Area runner Tracey Glover operates with a simple phrase when helping train people interested in running or becoming better runners during a Couch to 5K.

"My standpoint is whenever someone comes up to me is, 'You're the boss,'" said Glover, who will help facilitate a Couch to 5K program with the Aiken Running Club for this year's Run United. "You don't know what you have until you try it," he said. "The way that we approach it, we start with just walking and then we gradually will start jogging."

The nine-week AEC Couch to RUN UNITED 5K will be held before the 2018 Run United race, which will be held on April 28 in downtown Aiken.

Run United, presented by Aiken Electric Cooperative Touchstone Energy, includes a half-marathon, 5K and kid's fun run. Proceeds benefit United Way of Aiken County.

A kickoff meeting for the Couch to 5K will take place at 6-7:30 p.m. Feb. 20 at Aiken Electric Cooperative, 2790 Wagener Road, Aiken.

The program

Couch to 5K is "really about making running accessible," said Karen Alasin, Aiken Running Club president.

"So many people go out and they decide they’re going to run or run a race or lose weight or get healthy or whatever, and they go out to the track and try to run as fast as they can, get winded, and say, 'I can't do this,'" Alasin said. "The whole design is that you can start really with no background."

Both Alasin and Glover say that starts with a lot of walking at first with a little running mixed in. That means a person may start running 30 seconds and then walk two minutes.

"It's really about making it over the course of eight to 10 to 12 weeks, depending on the program you choose," Alasin added. "It's about starting with a little running and a lot of walking and increasing the running intervals and decreasing the walking intervals to what's comfortable to that individual."

She reminded it's also about dispelling the idea that a runner in a 5K – which equals around 3.1 miles – must run the entire race.

"There’s actually no rule in any of these races that you have to run the whole thing," the running club president said. "It’s OK to walk, and it’s OK to build up slowly."

Slow, progressive and personalized are all ways Glover describes the Couch to 5K in Aiken, as it features people from all skill levels.

During the program, the group typically meets at 6 p.m. Mondays and Thursdays and 8 a.m. Saturday at the H. Odell Weeks Activity Center on Whiskey Road, said Thomas Cowlam, with the running club.

The group will start with a dynamic warmup, and there will be mentors consisting of running club members and past program graduates to help participants along. It is generally around a 30 minute workout.

'Just give it a shot'

The kickoff meeting is a great place to get a better grip on the program, but Glover said he thinks anyone interested should come out and give it a try.

"I think people should just give it a shot; I’m not one to push it, I think, when people get out there," he said. "There are a lot of laughs, and there’s usually some celebrations at the end."

The members of the Aiken Running Club remember the first time they ran in a 5K - or even started running for that matter. They say if they had an opportunity for a do-over, they would have participated in a program before embarking on the activity.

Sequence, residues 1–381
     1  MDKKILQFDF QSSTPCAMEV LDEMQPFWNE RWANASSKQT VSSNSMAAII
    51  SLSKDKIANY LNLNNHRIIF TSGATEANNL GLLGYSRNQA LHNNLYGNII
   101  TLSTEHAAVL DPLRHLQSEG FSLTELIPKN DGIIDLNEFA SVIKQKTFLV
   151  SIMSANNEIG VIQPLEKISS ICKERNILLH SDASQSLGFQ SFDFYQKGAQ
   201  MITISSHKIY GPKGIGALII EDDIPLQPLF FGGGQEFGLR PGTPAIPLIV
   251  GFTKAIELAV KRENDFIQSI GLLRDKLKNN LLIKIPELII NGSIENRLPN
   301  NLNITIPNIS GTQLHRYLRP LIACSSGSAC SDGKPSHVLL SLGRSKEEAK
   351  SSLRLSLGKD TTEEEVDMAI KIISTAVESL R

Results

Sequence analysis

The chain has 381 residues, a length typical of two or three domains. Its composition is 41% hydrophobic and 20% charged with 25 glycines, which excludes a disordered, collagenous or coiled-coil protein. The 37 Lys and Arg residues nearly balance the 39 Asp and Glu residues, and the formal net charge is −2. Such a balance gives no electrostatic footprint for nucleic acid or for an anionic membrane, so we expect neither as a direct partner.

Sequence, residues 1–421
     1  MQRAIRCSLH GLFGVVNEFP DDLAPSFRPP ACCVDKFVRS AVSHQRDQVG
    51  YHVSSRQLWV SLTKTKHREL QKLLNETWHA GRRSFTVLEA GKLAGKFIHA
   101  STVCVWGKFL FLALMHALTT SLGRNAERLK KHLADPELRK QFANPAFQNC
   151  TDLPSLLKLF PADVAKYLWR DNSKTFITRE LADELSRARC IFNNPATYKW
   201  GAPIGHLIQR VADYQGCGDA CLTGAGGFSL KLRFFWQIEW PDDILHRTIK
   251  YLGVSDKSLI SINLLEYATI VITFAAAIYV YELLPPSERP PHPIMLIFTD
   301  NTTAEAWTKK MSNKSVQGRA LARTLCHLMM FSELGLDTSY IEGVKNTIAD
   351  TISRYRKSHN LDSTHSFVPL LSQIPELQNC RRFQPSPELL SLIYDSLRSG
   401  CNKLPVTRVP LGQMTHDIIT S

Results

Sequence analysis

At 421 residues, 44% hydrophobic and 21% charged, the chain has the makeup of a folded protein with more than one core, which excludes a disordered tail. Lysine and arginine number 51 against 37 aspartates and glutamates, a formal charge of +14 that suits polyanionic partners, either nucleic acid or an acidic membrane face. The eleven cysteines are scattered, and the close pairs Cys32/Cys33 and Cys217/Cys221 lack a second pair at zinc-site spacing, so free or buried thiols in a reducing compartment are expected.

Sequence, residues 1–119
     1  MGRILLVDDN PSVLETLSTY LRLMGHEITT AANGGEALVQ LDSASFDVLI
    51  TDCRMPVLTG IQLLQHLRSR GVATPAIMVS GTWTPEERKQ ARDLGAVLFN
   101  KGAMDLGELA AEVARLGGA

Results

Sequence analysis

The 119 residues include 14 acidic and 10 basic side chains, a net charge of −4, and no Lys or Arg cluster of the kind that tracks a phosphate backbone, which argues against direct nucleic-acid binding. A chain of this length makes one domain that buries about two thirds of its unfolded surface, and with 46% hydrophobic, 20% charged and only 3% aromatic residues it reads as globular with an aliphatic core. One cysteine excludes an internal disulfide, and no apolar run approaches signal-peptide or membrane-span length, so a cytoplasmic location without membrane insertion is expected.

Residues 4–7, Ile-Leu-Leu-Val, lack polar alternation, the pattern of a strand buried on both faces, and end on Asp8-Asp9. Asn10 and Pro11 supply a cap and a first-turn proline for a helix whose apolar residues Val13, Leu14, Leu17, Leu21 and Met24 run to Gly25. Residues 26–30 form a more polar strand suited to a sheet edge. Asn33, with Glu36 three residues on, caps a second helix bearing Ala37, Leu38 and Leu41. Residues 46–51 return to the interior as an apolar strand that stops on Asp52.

"I definitely remember my first 5k, and I was very scared of it," Glover said, "and I really wish I would have joined a program like this because it would have made it a lot more digestible." 

Cowlam and Alasin also said they both trained alone when they started running. 

Alasin said she would only run at 4 am. in her neighborhood from one driveway to another because she was too embarrassed. But what she said she's learned in the past seven years she's been running is "even though we think someone is judging us, no one is."

"It’s really about making yourself healthier," she said. "We don’t judge people for going back to school, we applaud them. This is the same thing. That's all people are noticing, that you’re getting out there and improving yourself — that’s all it is."

Cowlam pointed out there is accountability and support with a group, as well.

Keyatta Priester, manager with Community Development at Aiken Electric Cooperative, Inc., said the company is "excited to partner with the Aiken Running club, and present AEC Couch to RUN UNITED 5K."

Priester said, "taking on the challenge of AEC Couch to RUN UNITED 5K can help boost your confidence and self-belief, as you prove to yourself that you can set yourself a target and achieve a goal. I am accepting the challenge myself along with my 9-year-old son Noah and my 10-year-old niece, Hannah. We plan to participate as a family."

The Aiken Running Club advises people to check with their doctor before any exercise program.

They also advise runners to dress appropriately and go to a running store to be fit for running shoes. Proper running shoes will reduce risk of injury, Alasin said. She recommends Strictly Running in Columbia and Fleet Feet Sports in Augusta for those still looking for shoes. 

A flat $50 fee will cover the program, entry into the Aiken Running Club and entry fee for the Run United 5K race, according to organizers. Anyone under the age of 18 must have parental consent.

For more information on the Aiken Running Club and/or the AEC Couch to RUN UNITED 5K visit their Facebook page and runningaiken.org.

Registration for Run United is now open. For complete information including registration and costs, visit www.aikenco-op.org/RunUnited/.

Christina Cleveland is the features writer at the Aiken Standard.

Christina Cleveland is a reporter with the Aiken Standard and has been with the newspaper since October 2015. A native of Seneca, South Carolina, she holds a B.A. in Journalism and Mass Communication from the University of North Carolina at Chapel Hill.